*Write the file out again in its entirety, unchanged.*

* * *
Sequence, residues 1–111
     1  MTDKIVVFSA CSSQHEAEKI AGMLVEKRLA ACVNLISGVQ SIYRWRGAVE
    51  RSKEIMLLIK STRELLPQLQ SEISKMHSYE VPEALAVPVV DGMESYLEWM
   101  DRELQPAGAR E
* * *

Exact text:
Sequence, residues 1–111
     1  MTDKIVVFSA CSSQHEAEKI AGMLVEKRLA ACVNLISGVQ SIYRWRGAVE
    51  RSKEIMLLIK STRELLPQLQ SEISKMHSYE VPEALAVPVV DGMESYLEWM
   101  DRELQPAGAR E